Several years ago, Canadian snowboarder Ross Rebagliati came close to losing his Olympic gold medal as a result of a positive test for marijuana. Initially, the International Olympic Committee stripped Rebagliati of his medal, stating that marijuana was on the banned drug list because it “enhanced performance.” On appeal, Rebagliati regained his medal, as the Olympics did not have a specific agreement with any of the competitive snowboarding organizations regarding the use of marijuana. The amount of marijuana in Rebagliati’s system was so low that it suggested second-hand exposure rather than direct use, which was also a factor in the IOC overturning the decision.
At the time I was in high school and knew the effects of smoking marijuana and knew several avid users of the then illegal drug. It certainly surprised me that the IOC called marijuana “performance enhancement,” considering that every marijuana fanatic I knew was the least “enhanced” person I knew. While the debate over the legality of marijuana raged, I often defended its use as recreational, suggesting that marijuana use was often a victimless crime.
Which is exactly what it is: a victimless crime. I know all the tired arguments about marijuana use as I grew up in the “Just Say No” days of DARE and other drug prevention programs. “It’s a gateway drug” or “makes you lazy” but was never characterized as a “performance enhancer”. In any case, it was always characterized as a performance inhibitor. Although negative information at the time poisoned my thoughts about those who were avid users, my position has evolved enormously from both my interaction with adult users and my own medicinal use of the drug.
When sprinter Sha’Carri Richardson recently lost his place in the 100-meter race at the Tokyo Olympics due to failing a drug testHe expected to hear about the use of illegal substances or performance-enhancing drugs, not about smoking a little marijuana in the wake of his mother’s death. This revelation has led many to question whether or not marijuana should be on the banned substances list when tobacco and alcohol are not. If Richardson had chosen to smoke a pack of cigarettes or drown his sorrows in alcohol, no one would have been the wiser. However, because she smoked some marijuana in a state where doing so is legal and subsequently tested positive for that drug, she is now suspended and barred from participating in the Olympics in an event where she is among the dominant competitors. .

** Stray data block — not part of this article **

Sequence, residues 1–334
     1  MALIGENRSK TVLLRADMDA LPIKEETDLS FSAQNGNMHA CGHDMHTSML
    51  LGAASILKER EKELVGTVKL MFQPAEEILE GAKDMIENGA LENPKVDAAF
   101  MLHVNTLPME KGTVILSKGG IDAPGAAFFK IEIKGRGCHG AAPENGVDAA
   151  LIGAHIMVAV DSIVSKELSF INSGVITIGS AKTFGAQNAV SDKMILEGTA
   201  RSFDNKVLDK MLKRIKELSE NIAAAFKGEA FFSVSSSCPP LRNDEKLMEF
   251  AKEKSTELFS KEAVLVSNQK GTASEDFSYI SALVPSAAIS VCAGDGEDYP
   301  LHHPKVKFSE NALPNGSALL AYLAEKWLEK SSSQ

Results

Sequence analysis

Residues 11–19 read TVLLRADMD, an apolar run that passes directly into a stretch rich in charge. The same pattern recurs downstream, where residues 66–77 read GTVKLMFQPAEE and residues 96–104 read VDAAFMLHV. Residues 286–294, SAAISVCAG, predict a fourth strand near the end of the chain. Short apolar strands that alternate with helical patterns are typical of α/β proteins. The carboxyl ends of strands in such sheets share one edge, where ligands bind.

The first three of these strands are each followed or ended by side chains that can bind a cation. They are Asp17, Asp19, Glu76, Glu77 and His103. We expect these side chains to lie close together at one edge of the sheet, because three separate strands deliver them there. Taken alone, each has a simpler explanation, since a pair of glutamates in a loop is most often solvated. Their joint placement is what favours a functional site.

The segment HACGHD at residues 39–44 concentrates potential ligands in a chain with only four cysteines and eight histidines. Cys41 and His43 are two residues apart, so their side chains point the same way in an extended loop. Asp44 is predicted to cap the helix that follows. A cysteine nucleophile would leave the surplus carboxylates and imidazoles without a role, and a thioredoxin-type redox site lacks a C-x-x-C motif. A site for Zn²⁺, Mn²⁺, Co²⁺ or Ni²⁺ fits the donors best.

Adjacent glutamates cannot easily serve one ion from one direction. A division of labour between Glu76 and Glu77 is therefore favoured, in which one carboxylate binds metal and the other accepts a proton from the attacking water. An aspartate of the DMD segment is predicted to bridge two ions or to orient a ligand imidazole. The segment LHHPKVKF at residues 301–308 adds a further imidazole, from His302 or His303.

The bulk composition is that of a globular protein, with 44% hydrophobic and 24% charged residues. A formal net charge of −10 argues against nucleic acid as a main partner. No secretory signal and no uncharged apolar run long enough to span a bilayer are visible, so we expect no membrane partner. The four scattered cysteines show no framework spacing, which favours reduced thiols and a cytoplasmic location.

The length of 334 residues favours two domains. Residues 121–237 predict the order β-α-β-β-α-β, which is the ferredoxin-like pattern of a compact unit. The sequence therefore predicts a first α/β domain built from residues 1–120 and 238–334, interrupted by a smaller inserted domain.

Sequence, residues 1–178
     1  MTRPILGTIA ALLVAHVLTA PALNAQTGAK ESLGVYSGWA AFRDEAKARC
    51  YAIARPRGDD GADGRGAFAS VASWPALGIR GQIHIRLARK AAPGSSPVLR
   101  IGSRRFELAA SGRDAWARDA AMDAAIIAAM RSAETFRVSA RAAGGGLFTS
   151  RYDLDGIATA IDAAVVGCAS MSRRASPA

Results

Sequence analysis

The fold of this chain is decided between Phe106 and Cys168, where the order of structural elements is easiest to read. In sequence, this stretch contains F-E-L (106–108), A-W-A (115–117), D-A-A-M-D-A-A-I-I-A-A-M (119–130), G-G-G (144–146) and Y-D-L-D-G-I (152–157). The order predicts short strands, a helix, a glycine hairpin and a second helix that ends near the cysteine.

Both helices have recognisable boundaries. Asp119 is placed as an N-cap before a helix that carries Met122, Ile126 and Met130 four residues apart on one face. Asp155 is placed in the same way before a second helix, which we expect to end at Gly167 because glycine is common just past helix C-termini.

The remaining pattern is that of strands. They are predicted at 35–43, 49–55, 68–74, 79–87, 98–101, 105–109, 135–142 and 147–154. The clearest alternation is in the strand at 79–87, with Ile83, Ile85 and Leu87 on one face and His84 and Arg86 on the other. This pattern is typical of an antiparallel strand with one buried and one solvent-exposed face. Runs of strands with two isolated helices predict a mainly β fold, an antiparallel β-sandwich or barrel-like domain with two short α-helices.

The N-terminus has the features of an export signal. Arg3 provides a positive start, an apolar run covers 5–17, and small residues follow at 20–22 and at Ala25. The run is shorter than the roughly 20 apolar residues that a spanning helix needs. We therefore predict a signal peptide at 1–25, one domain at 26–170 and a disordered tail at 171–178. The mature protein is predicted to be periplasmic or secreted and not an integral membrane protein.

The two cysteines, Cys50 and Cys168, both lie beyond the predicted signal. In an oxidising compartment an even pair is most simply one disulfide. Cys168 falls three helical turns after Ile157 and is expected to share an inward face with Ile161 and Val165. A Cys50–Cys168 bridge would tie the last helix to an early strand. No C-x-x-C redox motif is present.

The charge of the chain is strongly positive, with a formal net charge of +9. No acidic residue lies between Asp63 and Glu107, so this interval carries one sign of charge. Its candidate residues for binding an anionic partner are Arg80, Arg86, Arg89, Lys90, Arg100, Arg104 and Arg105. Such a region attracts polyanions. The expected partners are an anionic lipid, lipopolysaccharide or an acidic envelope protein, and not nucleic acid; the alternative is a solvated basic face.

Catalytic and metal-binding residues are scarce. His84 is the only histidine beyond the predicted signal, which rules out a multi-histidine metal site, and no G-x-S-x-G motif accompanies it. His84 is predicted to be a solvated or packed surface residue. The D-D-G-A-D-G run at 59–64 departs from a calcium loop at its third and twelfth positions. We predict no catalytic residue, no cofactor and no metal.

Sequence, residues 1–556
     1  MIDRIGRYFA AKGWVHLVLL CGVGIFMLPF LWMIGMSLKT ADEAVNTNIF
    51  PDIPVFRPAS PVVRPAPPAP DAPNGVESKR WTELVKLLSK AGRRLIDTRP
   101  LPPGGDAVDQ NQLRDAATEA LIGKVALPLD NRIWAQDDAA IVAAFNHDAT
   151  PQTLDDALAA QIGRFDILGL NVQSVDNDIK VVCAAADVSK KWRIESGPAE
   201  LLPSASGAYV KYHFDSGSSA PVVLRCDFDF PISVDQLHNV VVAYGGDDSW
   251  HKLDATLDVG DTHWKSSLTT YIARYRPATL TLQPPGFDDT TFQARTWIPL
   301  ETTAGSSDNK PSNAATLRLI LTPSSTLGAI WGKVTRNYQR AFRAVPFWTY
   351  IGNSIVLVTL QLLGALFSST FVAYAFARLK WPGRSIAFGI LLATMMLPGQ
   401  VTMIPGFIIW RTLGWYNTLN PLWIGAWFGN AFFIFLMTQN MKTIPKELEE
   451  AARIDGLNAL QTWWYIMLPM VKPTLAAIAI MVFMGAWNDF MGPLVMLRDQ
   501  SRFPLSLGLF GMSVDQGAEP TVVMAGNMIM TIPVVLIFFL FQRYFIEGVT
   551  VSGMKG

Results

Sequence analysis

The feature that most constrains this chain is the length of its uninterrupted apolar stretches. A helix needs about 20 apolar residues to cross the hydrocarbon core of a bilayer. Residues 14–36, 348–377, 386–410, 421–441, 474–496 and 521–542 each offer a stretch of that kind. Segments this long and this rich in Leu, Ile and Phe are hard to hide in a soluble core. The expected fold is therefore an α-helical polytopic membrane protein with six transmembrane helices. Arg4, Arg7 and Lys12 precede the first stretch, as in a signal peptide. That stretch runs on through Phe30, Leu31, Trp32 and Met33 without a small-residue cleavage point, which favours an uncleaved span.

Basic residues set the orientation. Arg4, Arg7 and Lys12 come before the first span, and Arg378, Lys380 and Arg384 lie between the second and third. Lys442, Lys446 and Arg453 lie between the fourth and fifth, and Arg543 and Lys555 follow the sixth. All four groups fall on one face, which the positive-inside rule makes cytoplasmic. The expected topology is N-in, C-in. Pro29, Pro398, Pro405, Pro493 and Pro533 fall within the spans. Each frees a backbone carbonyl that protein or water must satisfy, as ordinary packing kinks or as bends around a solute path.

The use of marijuana is not even prohibited in all Olympic sports, as each sport has its own agreement with the IOC. If Richardson had been competing in another sport, he probably would still have been allowed to participate. Despite this unfair and ridiculous mandate, Richardson has been a consummate professional and has accepted full responsibility for her decisions and her humanity.
And now we hear the same tired arguments about marijuana again. “The rules are the rules,” President Biden said. Really? We have changed unfair and ridiculous rules before in this country. It used to be illegal to marry interracially, for blacks to sit in the front of the bus, for homosexuals to marry, and for women to vote; however, we have evolved to the point of accepting that these “crimes” do not create a victim. The argument that marijuana is a “gateway drug” is just a lazy defense of a law that puts millions of people in jail for a drug that is no more dangerous than alcohol or tobacco. In fact, the ONLY reason we know of Richardson’s marijuana use is from a drug test; no victim was created as a result of his marijuana use.
Our “law and order” party ignores silly laws, the application of which should be dropped immediately. The idea that “rules are rules” is a lazy way of kicking the can down the road to someone else having their life ruined for engaging in “illegal” behavior that, again, creates no victims. Rather than conservatives suggesting that Richardson pay the price for his “transgression,” we should demand his immediate reinstatement due to the application of a silly and outdated rule.
While it has not yet become a question of race, it also cannot be ignored that Richardson probably would not have faced the same outcome had he been a white woman. In fact, I would even suggest that the Conservatives would have defended Richardson if they did. Certainly, I’ll be getting a lot of heat in the comments for saying so, but no one will convince me otherwise. At the same time that conservatives lined up to criticize Gwen Berry in the national anthem protests, they should have been defending Richardson, who has not made any protests. While lamenting Laurel Hubbard competing in women’s weightlifting, they celebrate Richardson’s temporary suspension, for reasons unknown to me. We should run to his side, demanding a change.
Sha’Carri Richardson did nothing wrong and is paying the price for a stupid and outdated rule. Instead of saying “rules are rules,” we should stand up and say that now is the time to change the rule. In the race to defend it, the Conservatives should take the gold.